School gardens are an ideal space to deliver a healthy living curriculum, such as nutrition and physical activity education, to elementary school youth. However, public schools often lack the resources and support to establish sustainable garden-based programming. We created the Healthy Living Ambassador program, a collaborative after-school garden program in low-income communities that brought together resources from schools, community programs, and University of California Cooperative Extension. This school garden program featured culturally competent teens as teachers to serve as near-peer educators and mentors to elementary school youth. The program development model incorporated lessons from sustainable community-based health program interventions and essential elements of teens-as-teachers programs. We share the program logic model and discuss the successes and challenges of this program model that we encountered while developing a long-term, maintainable community garden program to teach healthy living.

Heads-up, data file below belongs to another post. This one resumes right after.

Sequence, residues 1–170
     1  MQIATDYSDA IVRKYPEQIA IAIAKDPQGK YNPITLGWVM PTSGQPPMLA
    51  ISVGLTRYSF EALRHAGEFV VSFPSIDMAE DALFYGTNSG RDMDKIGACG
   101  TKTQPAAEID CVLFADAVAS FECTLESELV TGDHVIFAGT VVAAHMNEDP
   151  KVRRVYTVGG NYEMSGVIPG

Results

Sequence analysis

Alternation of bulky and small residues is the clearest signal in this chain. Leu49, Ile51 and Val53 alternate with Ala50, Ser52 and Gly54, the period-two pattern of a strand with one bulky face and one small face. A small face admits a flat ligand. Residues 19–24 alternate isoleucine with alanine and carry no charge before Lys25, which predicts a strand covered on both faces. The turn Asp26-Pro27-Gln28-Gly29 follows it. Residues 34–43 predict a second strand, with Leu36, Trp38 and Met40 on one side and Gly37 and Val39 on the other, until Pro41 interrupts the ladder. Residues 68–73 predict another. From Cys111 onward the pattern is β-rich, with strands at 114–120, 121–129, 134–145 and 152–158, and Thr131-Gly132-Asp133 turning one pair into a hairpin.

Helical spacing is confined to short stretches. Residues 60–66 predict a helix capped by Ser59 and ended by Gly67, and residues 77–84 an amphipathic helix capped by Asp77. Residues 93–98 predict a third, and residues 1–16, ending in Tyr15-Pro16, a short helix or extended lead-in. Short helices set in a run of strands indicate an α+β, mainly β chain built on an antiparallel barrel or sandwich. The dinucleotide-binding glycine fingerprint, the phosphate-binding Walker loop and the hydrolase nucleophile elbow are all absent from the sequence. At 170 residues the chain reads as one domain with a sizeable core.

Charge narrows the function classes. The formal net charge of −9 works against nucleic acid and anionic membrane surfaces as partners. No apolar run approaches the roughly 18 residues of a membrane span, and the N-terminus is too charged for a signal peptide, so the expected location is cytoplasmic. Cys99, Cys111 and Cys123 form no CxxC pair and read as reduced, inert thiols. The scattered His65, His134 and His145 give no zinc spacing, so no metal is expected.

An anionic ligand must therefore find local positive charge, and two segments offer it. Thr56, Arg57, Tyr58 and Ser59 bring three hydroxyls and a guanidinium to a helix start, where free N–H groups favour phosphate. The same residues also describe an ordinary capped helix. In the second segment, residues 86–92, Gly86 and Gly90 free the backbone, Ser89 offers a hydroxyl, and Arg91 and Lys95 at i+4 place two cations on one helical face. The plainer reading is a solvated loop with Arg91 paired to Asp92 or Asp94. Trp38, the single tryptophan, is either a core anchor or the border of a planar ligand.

Virginia Bolshakova, John Gieng, C. Sheena Sidhu, Mary Vollinger, Lorena Gimeno, and Jessica Guild. "Teens as Teachers in the Garden: Cultivating a Sustainable Model for Teaching Healthy Living" Journal of Youth Development (2018): 111-135. doi:10.5195/jyd.2018.621